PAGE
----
Most people think that everyone’s favourite alcohol in Poland is vodka and this may have been true a decade ago; however today, Poles have access to a much wider choice of alcoholic beverages and local beer seems to have much more appeal to many Poles.
Craft beer & real ale is increasingly popular. In the cities and towns, you will find specialist bars providing a staggering range of brews & flavours and in the past few years, hundreds of small breweries have opened in Poland to cater for this craft revolution.
Alcohol in Poland is not limited to vodka and beer. You’re find a surprising variety of drinks around the country including some hidden gems such as Deptucha, a Baileys type drink made from goat milk, Starka which is an aged vodka sometimes referred to as Polish whiskey and Goldwasser, one of the oldest liqueurs in the world containing 20 roots and herbs with 22 carat gold flakes floating in it.
Out in the villages, you’re still find locals drinking bimber; which is just another word for moonshine. In the Podlasie region in eastern Poland, the moonshine is known as Duch Puszczy and can be 150% proof. Nowadays, bimber is still produced illicitly; however some small producers have registered their brands and moonshine can be purchased legally in some regions of Poland.
You probably tried some beers in your life. Classics like lagers or wheat beers are great, but there is so much more to be discovered! Ever wondered how it is actually made? What the main ingredients are? How to recognize them easily? On this 2-hour tour, an experienced guide will take you to three different places and give you an inside into the polish world of beer.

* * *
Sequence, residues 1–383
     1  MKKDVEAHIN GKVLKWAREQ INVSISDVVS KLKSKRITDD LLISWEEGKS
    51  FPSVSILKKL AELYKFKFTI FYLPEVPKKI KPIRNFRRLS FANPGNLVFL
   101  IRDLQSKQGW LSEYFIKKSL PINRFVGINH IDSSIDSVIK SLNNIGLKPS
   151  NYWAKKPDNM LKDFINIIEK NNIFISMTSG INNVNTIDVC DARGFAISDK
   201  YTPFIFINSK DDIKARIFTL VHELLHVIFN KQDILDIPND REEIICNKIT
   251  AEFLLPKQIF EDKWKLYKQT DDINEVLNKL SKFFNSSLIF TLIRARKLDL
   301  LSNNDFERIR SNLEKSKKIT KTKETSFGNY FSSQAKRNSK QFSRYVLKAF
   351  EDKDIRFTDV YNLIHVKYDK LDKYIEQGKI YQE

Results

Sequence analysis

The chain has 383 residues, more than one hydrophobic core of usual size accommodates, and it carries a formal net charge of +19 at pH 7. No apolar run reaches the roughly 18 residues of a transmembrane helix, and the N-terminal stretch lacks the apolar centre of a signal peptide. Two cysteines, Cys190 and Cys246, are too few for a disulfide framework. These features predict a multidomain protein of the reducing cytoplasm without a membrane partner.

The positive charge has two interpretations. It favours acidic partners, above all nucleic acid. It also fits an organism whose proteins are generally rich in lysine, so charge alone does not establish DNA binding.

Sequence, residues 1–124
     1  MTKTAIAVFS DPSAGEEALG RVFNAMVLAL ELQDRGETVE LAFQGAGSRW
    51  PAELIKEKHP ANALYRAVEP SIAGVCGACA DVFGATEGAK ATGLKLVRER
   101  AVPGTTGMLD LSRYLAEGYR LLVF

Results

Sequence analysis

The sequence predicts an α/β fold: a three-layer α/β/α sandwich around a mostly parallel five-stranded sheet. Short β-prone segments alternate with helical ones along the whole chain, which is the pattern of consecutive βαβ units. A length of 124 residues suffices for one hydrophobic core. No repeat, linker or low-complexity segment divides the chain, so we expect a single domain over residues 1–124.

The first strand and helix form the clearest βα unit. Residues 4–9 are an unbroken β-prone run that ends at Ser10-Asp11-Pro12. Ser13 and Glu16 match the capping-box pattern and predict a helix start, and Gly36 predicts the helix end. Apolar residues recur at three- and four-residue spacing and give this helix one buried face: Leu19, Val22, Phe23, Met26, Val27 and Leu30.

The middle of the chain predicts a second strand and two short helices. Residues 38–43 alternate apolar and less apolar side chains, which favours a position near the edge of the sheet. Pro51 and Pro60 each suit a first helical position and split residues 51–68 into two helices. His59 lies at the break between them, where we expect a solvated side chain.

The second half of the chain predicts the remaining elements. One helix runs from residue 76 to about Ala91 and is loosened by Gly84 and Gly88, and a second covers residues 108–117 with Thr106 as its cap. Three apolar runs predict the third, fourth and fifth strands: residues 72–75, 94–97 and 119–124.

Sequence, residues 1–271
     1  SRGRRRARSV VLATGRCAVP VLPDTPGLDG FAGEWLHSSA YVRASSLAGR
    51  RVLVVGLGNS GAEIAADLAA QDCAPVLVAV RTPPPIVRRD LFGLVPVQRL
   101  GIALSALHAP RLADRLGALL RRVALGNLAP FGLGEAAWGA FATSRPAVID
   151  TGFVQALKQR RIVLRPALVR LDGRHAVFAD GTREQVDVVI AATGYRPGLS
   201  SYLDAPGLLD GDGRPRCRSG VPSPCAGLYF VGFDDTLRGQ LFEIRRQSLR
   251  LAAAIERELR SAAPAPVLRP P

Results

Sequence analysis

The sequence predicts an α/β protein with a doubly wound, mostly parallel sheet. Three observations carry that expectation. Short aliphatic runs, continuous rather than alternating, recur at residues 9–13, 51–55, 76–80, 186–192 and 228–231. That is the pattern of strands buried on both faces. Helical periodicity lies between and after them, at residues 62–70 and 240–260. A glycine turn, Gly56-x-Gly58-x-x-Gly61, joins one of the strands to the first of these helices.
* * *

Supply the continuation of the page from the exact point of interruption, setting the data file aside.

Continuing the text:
Prices for alcohol in Poland tend to be much cheaper than in the UK with a pint of strong lager costing around £2 in most bars (even in the major cities). On the downside, alcoholism is common. In the past few years, there has been an increase in the consumption of spirits in Poland which is partly driven by the sales of small bottles of vodka, known colloquially as małpki (monkeys).
Although wine consumption in Poland is not yet as culturally entrenched as the consumption of beer or spirits, major changes are being seen in the drinking habits of many Polish consumers. Underpinning this is the development of a strong and sustainable wine appreciation culture.
If you’re going to drink alcohol in Poland, there are a few tipples that are definitely worth trying. Here’s a few of our favourites:
Krupnik – a sweet vodka made with honey and herbs and a favourite with the ladies because it is easy to drink.
Miód Pitny (drinkable honey) – this is basically mead distilled from honey and was the traditional drink in Poland prior to the arrival of beer in the country.
Żołądkowa Gorzka – an amber coloured vodka flavoured with herbs and spices with a sweet spicy taste.
Żubrówka – flavoured with a type of grass from the Białowieża Forest (you will find one blade of this grass in each bottle), Żubrówka has a almond / vanilla / floral taste and a fragrance of mown hay. It is usually mixed with apple juice.